If your hen decides to abandon her nest because she is convinced that her eggs will not hatch, then it’s a good idea to see if you can spot the eggs that are causing concern and remove them from the nest.
If the problem is one or two rotten eggs, the chances are good that your hen will return to her nest, especially if she has shown continual interest in bringing the chicks to hatch.
What to do if your hen will not return to her nest
You might think all is lost if your hen abandons her nest, but here is still hope. Several other options could be viable to keep the hope (and chicks) alive.
But before I raise your spirits too high too soon, let’s take a look at factors that could determine if the eggs are still actually viable.
How long was the hen off of the nest?
As determined earlier, if a hen leaves her nest for three or four hours, the eggs should still be warm enough to be viable for hatching. If the weather is warm, the time could extend well past that three or four-hour mark, and the eggs could be perfectly fine.
However, three or four hours could be too long for the abandoned eggs if the temperature is freezing or very cold.
The total time of incubation of the eggs will also play a factor. If the eggs are days old, they might not be viable after a few hours, but if they are close to hatching, they may be okay alone for several hours.
If you find some to be rotten or broken upon inspection of the eggs, remove them from the nest immediately. The mother could return at this point. If not, it’s time to move on to other strategies to save the chicks.
This is an option if you are unsure whether the eggs could make it, and it is not an exact science.
During this process, in its most rudimentary form, eggs can be held to the light of a candle to monitor for fetal movement inside the egg.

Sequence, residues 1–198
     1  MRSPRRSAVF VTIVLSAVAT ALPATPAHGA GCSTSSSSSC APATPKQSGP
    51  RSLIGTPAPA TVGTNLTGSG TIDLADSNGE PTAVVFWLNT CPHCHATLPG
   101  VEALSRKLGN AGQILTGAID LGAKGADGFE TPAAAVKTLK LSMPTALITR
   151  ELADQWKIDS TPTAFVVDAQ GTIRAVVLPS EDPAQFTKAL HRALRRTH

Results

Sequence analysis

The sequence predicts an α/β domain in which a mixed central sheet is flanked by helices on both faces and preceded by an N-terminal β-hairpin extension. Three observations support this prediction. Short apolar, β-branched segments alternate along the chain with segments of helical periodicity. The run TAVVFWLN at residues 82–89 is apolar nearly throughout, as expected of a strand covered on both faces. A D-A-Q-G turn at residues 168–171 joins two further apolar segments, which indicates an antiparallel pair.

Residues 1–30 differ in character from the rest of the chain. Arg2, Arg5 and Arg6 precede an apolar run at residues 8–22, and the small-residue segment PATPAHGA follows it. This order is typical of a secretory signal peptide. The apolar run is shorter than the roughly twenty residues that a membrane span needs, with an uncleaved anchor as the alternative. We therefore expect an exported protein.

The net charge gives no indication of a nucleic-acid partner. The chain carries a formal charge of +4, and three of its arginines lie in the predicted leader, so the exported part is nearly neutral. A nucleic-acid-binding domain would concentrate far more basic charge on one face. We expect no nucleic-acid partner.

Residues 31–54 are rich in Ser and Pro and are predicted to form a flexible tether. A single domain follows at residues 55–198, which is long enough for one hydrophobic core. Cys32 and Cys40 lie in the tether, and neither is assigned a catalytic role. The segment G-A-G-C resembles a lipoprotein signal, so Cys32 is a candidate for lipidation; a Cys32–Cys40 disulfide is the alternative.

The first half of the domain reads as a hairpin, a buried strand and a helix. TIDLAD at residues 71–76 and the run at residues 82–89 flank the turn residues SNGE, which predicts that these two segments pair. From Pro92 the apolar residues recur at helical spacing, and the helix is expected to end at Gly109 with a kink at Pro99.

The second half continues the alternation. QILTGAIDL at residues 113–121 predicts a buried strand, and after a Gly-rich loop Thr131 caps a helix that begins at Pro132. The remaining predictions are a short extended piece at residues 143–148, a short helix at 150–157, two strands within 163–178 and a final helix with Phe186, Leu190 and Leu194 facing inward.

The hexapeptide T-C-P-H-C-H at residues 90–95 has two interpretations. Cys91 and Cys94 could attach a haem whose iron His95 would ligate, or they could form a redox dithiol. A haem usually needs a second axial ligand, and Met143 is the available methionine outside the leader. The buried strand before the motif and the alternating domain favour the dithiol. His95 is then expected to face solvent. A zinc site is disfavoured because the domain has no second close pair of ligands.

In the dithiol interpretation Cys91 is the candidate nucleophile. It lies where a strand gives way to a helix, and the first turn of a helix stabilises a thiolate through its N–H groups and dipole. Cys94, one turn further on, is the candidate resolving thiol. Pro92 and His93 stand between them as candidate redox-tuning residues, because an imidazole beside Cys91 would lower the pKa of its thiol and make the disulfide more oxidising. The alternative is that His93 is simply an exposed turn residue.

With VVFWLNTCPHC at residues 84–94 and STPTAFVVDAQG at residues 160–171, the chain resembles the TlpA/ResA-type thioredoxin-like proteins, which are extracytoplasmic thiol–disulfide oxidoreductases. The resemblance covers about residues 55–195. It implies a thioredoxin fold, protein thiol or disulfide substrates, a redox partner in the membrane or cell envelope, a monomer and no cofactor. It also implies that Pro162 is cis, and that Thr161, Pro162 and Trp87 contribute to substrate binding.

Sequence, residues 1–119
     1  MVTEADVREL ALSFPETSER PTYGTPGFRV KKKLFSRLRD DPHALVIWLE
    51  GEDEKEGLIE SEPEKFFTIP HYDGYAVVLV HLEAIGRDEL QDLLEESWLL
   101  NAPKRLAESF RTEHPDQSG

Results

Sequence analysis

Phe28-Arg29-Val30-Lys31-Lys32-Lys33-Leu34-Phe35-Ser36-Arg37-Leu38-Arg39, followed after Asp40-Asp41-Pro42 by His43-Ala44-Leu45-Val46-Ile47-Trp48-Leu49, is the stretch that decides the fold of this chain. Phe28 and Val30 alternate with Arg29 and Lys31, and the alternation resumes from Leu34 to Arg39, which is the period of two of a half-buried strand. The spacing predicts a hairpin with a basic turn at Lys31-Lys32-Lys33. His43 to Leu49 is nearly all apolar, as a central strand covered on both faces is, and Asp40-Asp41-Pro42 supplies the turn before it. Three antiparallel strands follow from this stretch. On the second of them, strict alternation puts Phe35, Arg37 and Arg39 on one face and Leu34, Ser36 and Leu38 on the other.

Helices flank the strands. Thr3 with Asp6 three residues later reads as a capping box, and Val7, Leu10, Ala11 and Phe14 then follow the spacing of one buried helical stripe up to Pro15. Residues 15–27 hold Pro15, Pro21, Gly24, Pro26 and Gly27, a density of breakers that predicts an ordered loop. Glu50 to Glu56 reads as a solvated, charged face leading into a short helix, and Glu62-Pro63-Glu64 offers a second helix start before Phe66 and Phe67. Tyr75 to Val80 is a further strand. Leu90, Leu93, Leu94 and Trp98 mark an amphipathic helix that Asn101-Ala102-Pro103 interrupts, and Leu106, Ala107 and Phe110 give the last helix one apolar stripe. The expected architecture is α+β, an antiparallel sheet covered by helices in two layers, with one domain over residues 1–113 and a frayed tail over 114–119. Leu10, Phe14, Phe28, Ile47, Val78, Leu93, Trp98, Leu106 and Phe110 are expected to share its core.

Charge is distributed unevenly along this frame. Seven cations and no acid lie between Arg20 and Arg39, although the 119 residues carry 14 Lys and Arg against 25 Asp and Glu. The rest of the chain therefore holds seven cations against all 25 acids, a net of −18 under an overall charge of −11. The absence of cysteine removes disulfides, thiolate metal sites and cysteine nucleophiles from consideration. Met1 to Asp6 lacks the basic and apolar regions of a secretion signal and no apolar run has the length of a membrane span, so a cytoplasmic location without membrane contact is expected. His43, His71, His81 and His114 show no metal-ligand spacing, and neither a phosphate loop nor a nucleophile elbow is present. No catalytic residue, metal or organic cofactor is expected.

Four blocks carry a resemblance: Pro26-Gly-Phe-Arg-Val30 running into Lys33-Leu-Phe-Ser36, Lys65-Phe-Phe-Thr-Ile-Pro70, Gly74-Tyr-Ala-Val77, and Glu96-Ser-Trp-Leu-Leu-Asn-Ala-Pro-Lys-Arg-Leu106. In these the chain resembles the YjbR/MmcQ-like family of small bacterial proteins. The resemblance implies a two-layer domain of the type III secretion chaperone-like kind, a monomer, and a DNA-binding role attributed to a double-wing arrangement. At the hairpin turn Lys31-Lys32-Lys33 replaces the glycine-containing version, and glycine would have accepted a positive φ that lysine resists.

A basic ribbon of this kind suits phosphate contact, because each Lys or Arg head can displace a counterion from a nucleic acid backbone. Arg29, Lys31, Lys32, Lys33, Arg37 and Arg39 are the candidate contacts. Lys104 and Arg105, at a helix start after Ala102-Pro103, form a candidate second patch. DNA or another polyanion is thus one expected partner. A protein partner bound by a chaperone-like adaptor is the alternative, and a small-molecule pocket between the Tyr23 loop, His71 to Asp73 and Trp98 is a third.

However, if it is too early in the incubation process, candling will probably not do any good, as the baby chick will not have formed enough to show visible signs of life.
Time to call in the reinforcements
You have checked to make sure the eggs are still viable, and they appear to be so. The mother hen will not finish her job regardless of how much you beg, plead, or barter with her.
Now it is time to call in the reinforcements to take over and finish the job. There are several options here to help save your chicks and your goal of increasing your flock.
Get a surrogate mother.
Often, you will not have to look far for a suitable surrogate mother who will not only sit on the eggs until hatching time. They will also help in getting the little chicks acclimatized to the world, as well.
Sometimes another broody hen will be more than ready to take over the job and finish hatching the chicks.
Other times ducks, geese, guineas, or other fouls are happy to do the job. Even if they are not the same species, they can still be the warm body the chicks need to bring them to life.
But if you do not have any good options around, then it’s probably time to introduce new hens to the flock.
Using an incubator
If no one wants to volunteer for motherhood, you can resort to a mechanical mother: an incubator. This is a bit more complicated, and it will take more of your time to ensure that things are going the way they need to to ensure healthy chicks.
You must first ensure that the incubator is at the right temperature for the eggs. The recommendation is around 99 degrees. Also, the humidity must be kept right the entire time the eggs are incubating.
More expensive, high-end incubators will have many built-in features, making this a more straightforward process.
If you do not have a more high-end machine, you will have to turn the eggs regularly. This is crucial to the survival of the chicks. From this point, you will check the humidity and turn the eggs regularly until hatching day arrives.
Sometimes, even after they break through the egg initially, it is not uncommon for a baby chick to peck a bit, take a rest, rinse, and repeat. It can often take up to twelve hours or more until they finally decide to make their appearance to the world.
Once they arrive, you will then need to keep them warm and fed, and then when the time comes, they will need to be gradually introduced to the flock so that they are welcomed, not doomed to the life they might have been subjected to without intervention.
Then celebrate the life of the brand-new additions to your larger flock!